Rajashri Dasgupta, Oct 4, 2007

Rizwanur Rehman's charming smile refuses to fade from people's memory. After his body was found on September 21 on train tracks in the heart of Kolkata, there have been numerous candlelight vigils, angry protests and demonstrations demanding the truth about his death.

While his family suspects that Rizwanur was murdered, the police commissioner shrugged away his death as a "simple case of suicide" even before the post-mortem was complete.

Whatever the truth, Rizwanur's tragic death, the trauma of his wife Priyanka and brutal interference by the police reflects the daily struggle of lovers who defy tradition and resist authority to marry persons of their choice.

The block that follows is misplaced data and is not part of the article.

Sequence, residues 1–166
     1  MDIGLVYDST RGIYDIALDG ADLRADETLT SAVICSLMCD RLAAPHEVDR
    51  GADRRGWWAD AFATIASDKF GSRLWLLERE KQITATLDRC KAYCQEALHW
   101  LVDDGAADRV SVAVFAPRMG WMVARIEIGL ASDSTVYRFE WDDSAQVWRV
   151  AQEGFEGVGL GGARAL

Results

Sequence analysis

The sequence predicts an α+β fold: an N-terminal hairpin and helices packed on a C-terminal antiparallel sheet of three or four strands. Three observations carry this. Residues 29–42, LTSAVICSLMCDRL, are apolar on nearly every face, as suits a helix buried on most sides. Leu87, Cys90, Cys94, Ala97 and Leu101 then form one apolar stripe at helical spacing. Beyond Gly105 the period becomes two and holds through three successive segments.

Behind the rash of accidents involving Blueline buses in New Delhi is a strained informal economy of meagre wages and rampant corruption, says Rukmini Barua

The recent public uproar against Delhi’s Blueline buses over a rash of accidents and the sub-standard condition of the buses has forced the Delhi government to take action against the errant operators. Many buses have been penalised and taken off the road. The Delhi government has suggested several schemes to replace the buses, which include giving contracts to big corporations or introducing a fare system based on kilometres travelled. Delhi Chief Minister Sheila Dikshit suggested establishing cooperatives, but did not clarify whether they will be cooperatives of Blueline drivers and conductors, or of the bus operators and owners.